And finally, we were lucky that he had gone to the trouble to prepare afternoon tea for us, which we all enjoyed beside the stream.
It was a lovely day's outing, and I thank all those in Forest and Bird who organised it.

Thursday, January 14, 2010

In the Square on a summer's day

As soon as I saw the sun shining early this morning I knew it was going to be the day I headed out to practise using my dslr. No point having an expensive camera I am not sure how to really use properly! I needed to try out different things with the aperture priority and shutter priority settings, so I could grow to be in charge of the camera, rather than the other way around....The Square in the middle of town was where I decided to go: there is an abundance of different inspiration for the camera here.
There is an old fountain that has been restored, and now the lions really do squirt out water again.
This sculpture is almost 'outside' my brief, as it is just beyond the pedestrian's 'square'. There is a group in Palmie that is placing more sculpture in the city. And there are some pieces I love- one day I will have to do a post on some of them- but this one is not amongst them- seems awfully 'puerile' to use a polite word.
In the heart of the Square is an area of 'peace'. I loved the cloud behind this Maori sculpture today- the colours all spoke of summer.

This is one of a group of sculptures carved by a visiting group of international sculptors. (I think it is in andesite, but would have to check that...)
I always love finding 'reflections' and taking photos of them... this one is on the Council building.
Again, colours of summer, in the view looking across from the Marae of peace to All Saints church.
When 'they' re-did the Square at horrendous expense a few years back, there were some things that were done that I think are simply ugly. Fortunately they had more sense than to remove the fountains in the corner where the ducks and the families hang out... It was a great place to experiment with varied aperture and shutter settings, and then to see the results back at home...
And Palmerston North has always been famous for its roses... here is just one example...
So, did I learn what I wanted about the camera? Yes, I grew in confidence. I realised there were times I made the aperture too large in landscape shots. And often I was nervous of making the shutter as fast as it could be on this sunny day... It was instructive when I got home to compare the settings the camera had used as 'normal' when I used the automatic settings. I will have to use this as a 'control' for every shot next time and see what I learn....

Sunday, January 03, 2010

Summer- close to home

I have been enjoying reading some excellent winter posts from some of my northern hemisphere blogging buddies lately. Maalie writes of a walk near his home in Cumbria just after Christmas, and also about a bird survey he is involved in that requires excursions into the great cold outdoors. My Camino blogging friend, Johnnie Walker, has just posted about his winter adventures crossing O'Cebreiro to reach Galicia. Rebekah had some wonderful photos of snow on the Meseta near Moratinos, quickly followed by the nightmare of frozen water pipes!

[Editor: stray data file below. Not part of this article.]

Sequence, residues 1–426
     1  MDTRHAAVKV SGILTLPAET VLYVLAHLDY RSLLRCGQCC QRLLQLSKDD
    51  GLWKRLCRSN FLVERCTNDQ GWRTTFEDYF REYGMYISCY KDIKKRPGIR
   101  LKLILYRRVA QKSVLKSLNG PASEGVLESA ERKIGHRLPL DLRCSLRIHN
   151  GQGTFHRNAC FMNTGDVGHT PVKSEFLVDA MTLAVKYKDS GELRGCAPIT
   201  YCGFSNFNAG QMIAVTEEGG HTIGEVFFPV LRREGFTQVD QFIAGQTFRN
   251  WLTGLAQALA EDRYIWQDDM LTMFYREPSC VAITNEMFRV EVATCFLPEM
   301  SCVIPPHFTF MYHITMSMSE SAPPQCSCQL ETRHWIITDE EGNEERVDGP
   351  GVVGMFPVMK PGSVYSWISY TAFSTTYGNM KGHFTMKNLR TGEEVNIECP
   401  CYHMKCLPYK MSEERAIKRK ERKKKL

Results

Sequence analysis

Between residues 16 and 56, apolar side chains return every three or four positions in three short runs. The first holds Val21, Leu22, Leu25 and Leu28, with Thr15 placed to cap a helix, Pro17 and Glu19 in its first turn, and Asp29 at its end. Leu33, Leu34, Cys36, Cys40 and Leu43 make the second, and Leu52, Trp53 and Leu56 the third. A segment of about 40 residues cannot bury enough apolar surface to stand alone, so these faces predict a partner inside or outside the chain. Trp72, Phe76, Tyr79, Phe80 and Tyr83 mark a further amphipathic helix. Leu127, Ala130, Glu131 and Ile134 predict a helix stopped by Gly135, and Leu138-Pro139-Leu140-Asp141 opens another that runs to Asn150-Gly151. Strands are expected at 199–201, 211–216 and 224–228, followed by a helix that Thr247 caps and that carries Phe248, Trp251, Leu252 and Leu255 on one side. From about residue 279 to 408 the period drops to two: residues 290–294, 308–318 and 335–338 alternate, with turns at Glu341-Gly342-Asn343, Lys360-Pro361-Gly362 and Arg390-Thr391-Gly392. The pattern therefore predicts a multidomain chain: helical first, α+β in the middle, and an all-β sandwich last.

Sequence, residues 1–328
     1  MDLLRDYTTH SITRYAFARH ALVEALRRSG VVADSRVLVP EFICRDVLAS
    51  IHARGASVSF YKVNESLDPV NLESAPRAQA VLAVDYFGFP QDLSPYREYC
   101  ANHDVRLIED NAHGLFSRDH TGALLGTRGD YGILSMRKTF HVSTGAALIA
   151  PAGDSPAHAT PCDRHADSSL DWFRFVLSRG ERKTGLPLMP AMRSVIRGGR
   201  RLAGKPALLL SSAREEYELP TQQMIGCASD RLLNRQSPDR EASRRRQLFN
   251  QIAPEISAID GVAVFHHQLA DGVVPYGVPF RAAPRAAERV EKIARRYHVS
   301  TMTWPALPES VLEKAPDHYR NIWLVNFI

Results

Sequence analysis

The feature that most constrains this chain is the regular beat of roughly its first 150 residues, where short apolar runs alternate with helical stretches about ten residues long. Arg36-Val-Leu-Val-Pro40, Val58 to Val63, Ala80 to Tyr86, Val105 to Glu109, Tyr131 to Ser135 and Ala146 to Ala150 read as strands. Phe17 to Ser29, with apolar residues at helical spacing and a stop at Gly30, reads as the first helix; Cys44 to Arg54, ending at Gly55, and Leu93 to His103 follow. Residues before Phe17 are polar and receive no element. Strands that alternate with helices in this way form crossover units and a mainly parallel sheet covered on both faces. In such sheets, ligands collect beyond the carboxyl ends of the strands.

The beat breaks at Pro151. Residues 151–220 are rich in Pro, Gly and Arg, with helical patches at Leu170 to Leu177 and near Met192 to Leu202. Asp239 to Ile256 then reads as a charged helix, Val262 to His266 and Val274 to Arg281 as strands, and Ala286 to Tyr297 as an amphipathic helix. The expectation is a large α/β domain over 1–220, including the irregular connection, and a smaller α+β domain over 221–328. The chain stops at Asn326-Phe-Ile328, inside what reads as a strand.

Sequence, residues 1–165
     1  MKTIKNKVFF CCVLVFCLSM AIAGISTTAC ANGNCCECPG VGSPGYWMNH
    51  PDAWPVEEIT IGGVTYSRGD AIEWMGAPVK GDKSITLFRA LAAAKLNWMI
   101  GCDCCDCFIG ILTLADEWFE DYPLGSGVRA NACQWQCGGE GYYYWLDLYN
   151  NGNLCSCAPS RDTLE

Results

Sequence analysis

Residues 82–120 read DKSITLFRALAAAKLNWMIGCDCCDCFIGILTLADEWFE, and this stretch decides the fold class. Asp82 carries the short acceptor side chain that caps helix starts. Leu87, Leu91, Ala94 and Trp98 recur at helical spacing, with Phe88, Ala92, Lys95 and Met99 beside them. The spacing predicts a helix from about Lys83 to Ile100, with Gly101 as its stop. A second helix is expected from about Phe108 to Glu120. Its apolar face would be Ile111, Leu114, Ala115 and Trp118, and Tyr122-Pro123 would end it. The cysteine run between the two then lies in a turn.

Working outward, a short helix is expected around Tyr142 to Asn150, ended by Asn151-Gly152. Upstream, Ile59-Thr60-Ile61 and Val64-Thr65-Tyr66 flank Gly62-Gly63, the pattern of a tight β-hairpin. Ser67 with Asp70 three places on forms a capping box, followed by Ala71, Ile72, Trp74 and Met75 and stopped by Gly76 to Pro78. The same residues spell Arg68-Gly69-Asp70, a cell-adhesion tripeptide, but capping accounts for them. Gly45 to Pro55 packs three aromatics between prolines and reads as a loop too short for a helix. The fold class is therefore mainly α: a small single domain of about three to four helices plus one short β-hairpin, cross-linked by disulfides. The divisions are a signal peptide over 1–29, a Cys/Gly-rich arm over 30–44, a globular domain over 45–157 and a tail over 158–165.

But though I like reading about these adventures, I am quite glad to be pottering around in our summer temperatures. Summer was slow in coming this year, and it remains somewhat 'iffy' at best, but finally I can go out walking in shorts at least sometimes!

My holiday this year is mainly 'close to home' but there are actually plenty of simple, cheap things to do and enjoy locally, especially when you like walking and taking photos...

Today I drove to Bledisloe Park near Massey, and took the walk up to Old West Rd and return. The path starts off quite flat beside Massey grounds, and there are several wee bridges to cross. With the dappled sunlight, I sink into a 'relaxed' frame of mind as soon as I see them...After a stretch of legs on the flat, you next find there is a bit of climbing to do, but very soon you emerge to views of university buildings, and Manawatu countryside.

There were even some crops to view, and I felt like I was taking similar photos to those I took in the south-west of France on the Chemin in 2008. In fact, people quite often ask why I don't do a similar walk here at home, and the answer basically is that I would love to- but the infrastructure of well-spaced, cheap places to stay and eat isn't here. In France I only needed to carry a minimal smallish pack... Plus, there were always enough others walking for me to feel perfectly safe as a solo walker...
There were some well-spaced picnic tables along the walking route today. I should have brought Arohanui along- she would have loved a picnic.... ah wellll...... next time!

There were great views over to the Tararua Ranges.
One thing I did in France was take photos of 'interesting signs', and I guess they were all the more interesting to me as French was a foreign language. But really, these signs are quite interesting in their own right- they tell quite a 'Manawatu' story.
There are supposed to be more winds and rain arriving.... the clouds over the ranges do look as if there might be a change coming.... but I hope it won't be too long before (Arohanui and) I bring you the next 'close-to-home- holiday adventure!